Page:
When it comes to providing information, make sure you don’t dump it all on the reader. This is a learnable skill and particularly important for fantasy and science fiction writers, as they have a great deal of information to convey to the reader. An Expository Lump is what science fiction writers call a barely disguised attempt at pouring information to their reader (a lecture between characters is an example, stemming from a transparent or stupid question).

‘Crafty writers (in any genre) don’t allow Exposition to form Lumps. They break up the information, grind it fine, and make it into bricks to build the story with.’

Have a focus and a trajectory

This was my favourite section as Le Guin talks about two big things that really bother me as a reader: the imbalance some novels have when they ‘overcrowd’ the reader with too much information versus when they ‘leap’ ahead without providing enough details for the reader to follow the story. This chapter also covers ensuring your story has a focus and the importance of sticking to a trajectory throughout your work.

‘Crowding… keeping the story full, always full of what’s happening in it; keeping it moving, not slacking and wandering into irrelevancies; keeping it interconnected with itself, rich with echoes forward and backward. But leaping is just as important. What you leap over is what you leave out. And what you leave out is infinitely more than what you leave in.’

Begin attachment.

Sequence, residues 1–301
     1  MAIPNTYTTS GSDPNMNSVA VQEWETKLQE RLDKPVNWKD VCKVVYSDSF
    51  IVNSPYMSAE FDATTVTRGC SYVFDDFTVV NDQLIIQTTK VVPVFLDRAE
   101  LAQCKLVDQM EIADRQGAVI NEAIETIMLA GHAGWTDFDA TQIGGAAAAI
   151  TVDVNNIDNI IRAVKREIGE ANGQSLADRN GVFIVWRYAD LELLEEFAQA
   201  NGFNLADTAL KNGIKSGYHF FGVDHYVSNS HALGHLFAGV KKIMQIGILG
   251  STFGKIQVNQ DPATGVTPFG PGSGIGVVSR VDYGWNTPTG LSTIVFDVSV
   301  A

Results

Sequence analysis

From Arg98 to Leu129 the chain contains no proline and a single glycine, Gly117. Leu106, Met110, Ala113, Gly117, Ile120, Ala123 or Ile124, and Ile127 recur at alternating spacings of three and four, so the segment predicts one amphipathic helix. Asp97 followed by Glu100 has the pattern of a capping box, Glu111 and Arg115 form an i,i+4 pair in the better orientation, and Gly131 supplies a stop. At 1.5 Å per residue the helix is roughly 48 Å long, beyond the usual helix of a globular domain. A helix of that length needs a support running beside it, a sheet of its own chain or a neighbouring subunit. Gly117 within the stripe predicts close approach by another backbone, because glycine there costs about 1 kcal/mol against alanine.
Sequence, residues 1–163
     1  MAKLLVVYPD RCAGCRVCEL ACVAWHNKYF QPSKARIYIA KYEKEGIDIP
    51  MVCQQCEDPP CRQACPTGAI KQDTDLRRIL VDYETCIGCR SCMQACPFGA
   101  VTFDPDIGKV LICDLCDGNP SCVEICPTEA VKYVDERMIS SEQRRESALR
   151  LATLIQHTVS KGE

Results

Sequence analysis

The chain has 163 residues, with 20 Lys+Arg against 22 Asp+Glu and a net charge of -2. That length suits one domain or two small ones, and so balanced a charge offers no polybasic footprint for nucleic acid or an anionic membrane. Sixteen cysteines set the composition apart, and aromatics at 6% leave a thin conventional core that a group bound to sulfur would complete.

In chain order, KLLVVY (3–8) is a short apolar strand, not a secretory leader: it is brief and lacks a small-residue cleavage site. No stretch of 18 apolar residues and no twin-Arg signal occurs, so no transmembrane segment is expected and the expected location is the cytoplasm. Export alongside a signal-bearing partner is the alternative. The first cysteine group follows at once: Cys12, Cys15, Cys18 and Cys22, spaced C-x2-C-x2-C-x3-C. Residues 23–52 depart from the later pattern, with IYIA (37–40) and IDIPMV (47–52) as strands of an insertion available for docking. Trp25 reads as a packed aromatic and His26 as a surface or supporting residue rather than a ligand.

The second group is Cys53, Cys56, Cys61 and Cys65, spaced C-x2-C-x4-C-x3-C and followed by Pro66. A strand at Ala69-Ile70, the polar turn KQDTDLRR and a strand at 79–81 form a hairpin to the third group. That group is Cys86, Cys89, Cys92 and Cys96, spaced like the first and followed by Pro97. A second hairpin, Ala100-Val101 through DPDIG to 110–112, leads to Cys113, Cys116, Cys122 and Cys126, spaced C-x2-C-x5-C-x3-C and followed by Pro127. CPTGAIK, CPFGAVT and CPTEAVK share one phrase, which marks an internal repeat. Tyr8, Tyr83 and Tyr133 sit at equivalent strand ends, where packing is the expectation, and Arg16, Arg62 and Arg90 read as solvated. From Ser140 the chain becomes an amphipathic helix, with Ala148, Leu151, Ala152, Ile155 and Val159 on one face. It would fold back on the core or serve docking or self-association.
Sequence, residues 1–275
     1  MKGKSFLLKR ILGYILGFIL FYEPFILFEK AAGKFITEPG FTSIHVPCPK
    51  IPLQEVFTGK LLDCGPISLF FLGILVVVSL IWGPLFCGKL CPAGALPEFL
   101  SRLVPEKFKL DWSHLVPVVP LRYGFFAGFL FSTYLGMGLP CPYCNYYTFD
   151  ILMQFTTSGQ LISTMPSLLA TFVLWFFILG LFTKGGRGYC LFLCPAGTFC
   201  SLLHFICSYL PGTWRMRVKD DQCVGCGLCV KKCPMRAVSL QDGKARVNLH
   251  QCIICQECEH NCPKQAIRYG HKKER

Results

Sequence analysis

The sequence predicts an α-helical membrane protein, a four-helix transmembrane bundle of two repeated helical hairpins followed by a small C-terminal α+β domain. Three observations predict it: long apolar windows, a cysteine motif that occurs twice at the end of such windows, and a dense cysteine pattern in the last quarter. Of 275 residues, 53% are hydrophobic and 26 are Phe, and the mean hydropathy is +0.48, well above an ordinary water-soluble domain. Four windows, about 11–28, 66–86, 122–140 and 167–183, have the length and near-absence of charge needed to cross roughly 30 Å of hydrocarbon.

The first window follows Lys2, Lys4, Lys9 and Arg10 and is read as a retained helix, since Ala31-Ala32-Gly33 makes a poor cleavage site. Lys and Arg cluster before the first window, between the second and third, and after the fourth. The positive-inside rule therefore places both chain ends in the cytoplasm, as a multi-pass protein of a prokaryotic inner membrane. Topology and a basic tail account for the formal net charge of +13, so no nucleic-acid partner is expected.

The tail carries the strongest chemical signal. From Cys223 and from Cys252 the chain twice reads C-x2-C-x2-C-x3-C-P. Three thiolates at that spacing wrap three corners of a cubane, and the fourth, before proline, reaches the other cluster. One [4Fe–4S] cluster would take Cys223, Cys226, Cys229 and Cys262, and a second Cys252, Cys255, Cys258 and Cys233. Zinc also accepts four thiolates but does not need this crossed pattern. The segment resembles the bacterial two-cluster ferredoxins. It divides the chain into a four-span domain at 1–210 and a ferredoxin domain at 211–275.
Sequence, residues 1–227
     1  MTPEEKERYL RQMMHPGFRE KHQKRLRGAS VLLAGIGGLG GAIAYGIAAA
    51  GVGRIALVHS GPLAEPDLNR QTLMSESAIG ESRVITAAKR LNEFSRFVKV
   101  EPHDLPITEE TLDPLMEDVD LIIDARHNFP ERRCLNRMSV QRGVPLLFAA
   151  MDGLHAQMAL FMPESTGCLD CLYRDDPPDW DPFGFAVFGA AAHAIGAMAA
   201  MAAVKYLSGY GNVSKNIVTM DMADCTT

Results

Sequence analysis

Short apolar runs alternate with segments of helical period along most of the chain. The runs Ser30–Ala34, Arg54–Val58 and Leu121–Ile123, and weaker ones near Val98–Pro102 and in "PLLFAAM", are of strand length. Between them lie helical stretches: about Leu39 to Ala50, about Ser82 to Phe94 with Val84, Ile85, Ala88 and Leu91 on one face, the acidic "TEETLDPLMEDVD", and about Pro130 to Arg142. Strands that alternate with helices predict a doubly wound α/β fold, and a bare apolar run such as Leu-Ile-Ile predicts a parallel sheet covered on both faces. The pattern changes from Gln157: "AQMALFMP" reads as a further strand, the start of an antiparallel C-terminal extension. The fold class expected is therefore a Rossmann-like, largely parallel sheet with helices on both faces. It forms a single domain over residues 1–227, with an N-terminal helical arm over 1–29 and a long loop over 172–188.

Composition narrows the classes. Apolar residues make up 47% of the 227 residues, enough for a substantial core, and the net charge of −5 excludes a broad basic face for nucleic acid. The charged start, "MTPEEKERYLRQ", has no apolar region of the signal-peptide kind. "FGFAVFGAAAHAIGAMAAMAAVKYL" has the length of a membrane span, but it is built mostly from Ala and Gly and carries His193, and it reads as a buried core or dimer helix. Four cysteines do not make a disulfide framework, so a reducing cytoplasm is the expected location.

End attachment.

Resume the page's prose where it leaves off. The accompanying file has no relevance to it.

‘We don’t have to have the rigid structure of a plot to tell a story, but we do need a focus. What is it about? Who is it about? This focus, explicit or implicit, is the centre to which all the events, characters, sayings, doings of the story originally or finally refer… and a story equally needs a trajectory – a movement to follow: the shape of a movement, whether it be straight ahead or roundabout or recurrent or eccentric. This trajectory is the shape of the story as a whole. It moves always to its end, and its end is implied in its beginning… Everything that is crowded in to enrich the story should be in focus. And every leap should be along the trajectory, following the shape and movement of the whole.’

What do you think of Le Guin’s advice? Have you come across any particularly bad examples of ‘crowding’ or ‘leaping’? What POV and tense do you favour when writing? Drop a comment below, I’d love to hear from you!

Until next time,